Materials Chain is the first and largest flagship program of the University Alliance Ruhr. It offers a platform for interdisciplinary networking that brings together researchers from fundamental natural sciences to applied materials science and production technology. More than 200 scientists from more than 150 chairs and research groups from Ruhr-Universität Bochum, TU Dortmund University, and the University of Duisburg-Essen research and teach under the umbrella of the flagship program. The profile is complemented by cooperations with 11 regional partner institutions.
Building on the proven strengths at the respective university locations, Materials Chain initiates new research projects and associations to strengthen the role of the Ruhr Area as an internationally leading research region for modern materials and their production.
Take a look behind the laboratory doors of some of the natural scientists and engineers working within the Materials Chain network:
2021 Digital Workshop "Materials for Energy"
online via Zoom
2021 ECMolS2021: European Conference on Molecular Spintronics 2021
TU Dortmund University, Dortmund, Germany
2021 MCIC 2021: Materials Discovery and Processing for Energy
Ruhr-Universität Bochum Convention Centre / Veranstaltungszentrum Universitätsstr. 150 44801 Bochum
Who are we? Why is collaboration important in modern materials science? And what are we working on?
Materials Chain International Conference 2021
The third Materials Chain International Conference, MCIC 2021: Materials Discovery and Processing for Energy, will take place from November 22 to November 23, 2021 in Bochum, Germany. The conference will focus on the following topics:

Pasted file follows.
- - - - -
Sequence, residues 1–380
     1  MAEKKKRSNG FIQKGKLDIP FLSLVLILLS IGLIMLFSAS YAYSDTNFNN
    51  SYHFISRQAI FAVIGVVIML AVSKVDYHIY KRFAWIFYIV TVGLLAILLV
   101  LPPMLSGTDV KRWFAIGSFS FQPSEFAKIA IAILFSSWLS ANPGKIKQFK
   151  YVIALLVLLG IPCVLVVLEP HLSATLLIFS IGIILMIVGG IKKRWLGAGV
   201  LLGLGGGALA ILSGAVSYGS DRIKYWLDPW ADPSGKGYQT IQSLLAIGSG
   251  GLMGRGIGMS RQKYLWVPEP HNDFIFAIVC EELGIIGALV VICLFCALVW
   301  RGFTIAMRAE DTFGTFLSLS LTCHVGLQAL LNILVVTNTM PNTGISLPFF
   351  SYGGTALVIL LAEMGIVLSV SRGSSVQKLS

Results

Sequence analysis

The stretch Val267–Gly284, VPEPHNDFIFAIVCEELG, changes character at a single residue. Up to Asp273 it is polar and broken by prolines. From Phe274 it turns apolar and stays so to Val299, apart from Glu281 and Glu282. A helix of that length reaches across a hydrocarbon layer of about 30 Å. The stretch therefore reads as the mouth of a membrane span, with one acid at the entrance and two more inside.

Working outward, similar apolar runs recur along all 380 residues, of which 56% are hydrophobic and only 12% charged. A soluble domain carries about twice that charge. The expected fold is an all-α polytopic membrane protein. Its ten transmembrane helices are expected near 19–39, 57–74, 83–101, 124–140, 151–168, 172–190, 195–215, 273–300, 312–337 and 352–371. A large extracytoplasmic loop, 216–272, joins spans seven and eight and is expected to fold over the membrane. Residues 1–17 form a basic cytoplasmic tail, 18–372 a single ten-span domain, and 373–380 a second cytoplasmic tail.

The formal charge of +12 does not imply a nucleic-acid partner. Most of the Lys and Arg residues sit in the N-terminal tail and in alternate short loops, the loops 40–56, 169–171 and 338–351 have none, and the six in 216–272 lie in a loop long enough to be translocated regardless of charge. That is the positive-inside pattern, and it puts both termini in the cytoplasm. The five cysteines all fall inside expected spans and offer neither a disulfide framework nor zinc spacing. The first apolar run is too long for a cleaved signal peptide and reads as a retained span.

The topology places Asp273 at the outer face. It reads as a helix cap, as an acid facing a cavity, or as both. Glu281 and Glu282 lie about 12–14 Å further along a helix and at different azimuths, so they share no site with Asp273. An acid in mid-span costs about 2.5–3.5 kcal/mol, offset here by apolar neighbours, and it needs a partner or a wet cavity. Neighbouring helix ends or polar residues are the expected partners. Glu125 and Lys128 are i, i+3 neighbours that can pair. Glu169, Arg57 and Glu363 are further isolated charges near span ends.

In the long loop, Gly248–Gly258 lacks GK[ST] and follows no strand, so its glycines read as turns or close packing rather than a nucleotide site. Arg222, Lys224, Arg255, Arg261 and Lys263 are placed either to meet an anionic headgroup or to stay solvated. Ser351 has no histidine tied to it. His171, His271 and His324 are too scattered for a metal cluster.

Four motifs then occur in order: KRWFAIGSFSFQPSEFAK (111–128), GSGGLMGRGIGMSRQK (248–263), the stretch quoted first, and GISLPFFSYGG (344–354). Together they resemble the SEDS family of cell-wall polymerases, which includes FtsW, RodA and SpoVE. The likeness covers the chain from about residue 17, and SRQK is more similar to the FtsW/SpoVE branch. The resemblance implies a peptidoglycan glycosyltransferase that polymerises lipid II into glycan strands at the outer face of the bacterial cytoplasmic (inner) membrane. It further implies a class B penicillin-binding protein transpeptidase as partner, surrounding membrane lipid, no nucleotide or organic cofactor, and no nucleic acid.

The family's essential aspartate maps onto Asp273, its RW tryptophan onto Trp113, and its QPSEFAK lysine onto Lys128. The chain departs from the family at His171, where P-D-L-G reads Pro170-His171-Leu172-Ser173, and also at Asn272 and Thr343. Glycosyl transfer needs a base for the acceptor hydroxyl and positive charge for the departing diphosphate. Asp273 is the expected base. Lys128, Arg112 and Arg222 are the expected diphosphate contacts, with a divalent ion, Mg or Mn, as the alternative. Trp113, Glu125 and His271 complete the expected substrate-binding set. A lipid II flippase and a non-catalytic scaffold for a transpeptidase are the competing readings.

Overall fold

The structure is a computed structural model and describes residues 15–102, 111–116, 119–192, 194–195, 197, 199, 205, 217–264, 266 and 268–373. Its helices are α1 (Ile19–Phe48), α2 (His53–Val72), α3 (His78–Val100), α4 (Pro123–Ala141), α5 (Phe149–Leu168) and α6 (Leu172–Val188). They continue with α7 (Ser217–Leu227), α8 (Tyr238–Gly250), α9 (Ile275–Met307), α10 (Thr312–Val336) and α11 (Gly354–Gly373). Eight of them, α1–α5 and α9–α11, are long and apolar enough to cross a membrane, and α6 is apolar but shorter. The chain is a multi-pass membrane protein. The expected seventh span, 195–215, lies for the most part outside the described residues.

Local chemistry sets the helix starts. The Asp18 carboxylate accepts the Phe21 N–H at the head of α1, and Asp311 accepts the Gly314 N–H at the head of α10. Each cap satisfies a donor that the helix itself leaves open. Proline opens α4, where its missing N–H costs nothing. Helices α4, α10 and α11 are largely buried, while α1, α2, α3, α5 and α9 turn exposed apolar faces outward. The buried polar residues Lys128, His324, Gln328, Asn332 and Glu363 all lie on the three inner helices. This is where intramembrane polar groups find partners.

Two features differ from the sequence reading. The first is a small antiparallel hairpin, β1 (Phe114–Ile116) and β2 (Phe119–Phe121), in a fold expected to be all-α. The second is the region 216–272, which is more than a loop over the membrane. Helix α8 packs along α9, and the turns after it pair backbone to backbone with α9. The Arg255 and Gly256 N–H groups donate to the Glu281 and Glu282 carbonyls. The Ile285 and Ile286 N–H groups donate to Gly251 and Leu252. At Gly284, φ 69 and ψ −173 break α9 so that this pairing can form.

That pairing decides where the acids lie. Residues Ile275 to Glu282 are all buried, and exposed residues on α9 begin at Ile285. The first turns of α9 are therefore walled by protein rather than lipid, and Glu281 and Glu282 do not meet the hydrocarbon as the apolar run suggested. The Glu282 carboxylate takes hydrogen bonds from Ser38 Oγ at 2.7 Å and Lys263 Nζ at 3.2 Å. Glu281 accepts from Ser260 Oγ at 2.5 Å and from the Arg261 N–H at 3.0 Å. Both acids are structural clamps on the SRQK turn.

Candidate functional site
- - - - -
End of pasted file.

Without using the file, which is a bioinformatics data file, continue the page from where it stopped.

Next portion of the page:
- Data-driven and combinatorial materials discovery
- Materials for physical energy conversion, 2D and hybrid fuctional materials
- Materials for chemical energy conversion
- Magnetic materials energy conversion
- Metals and alloys
- Production engineering and additive manufacturing
- Transfer: Start-ups and systems
Photosynthetic proteins can convert light energy into other forms of energy. Researchers want to make this technology usable for the industrial production of fuels, for example. A research team from the Ruhr-Universität Bochum (RUB), together with colleagues from Lisbon, has produced a semi-artificial electrode that could convert light energy into other forms of energy in biosolar cells. The technique is based on the photosynthesis protein Photosystem I from cyanobacteria. The group showed that... read more
Robotic Arm Helps with Analysis
Analyzing nanoparticles individually is a challenge precisely because they are so small. A new technique using electron microscopy and a robotic arm could make the process much easier. Precious metal-free nanoparticles could serve as powerful catalysts in the future, for example for hydrogen production. To optimize them, researchers must be able to analyze the properties of individual particles. A new method for this has been suggested by a team from the Center for Electrochemistry at Ruhr-Universität... read more
The technology is potentially more powerful than the world's fastest supercomputer. A Danish-German research team has developed a tiny chip based on quantum technology that - if realized on a larger scale - could surpass the computing power of a classically operating supercomputer. The researchers showed that their nanochip can, in principle, achieve this so-called quantum advantage. Light particles, also called photons, are generated in the chip and can be used as on-the-fly quantum information... read more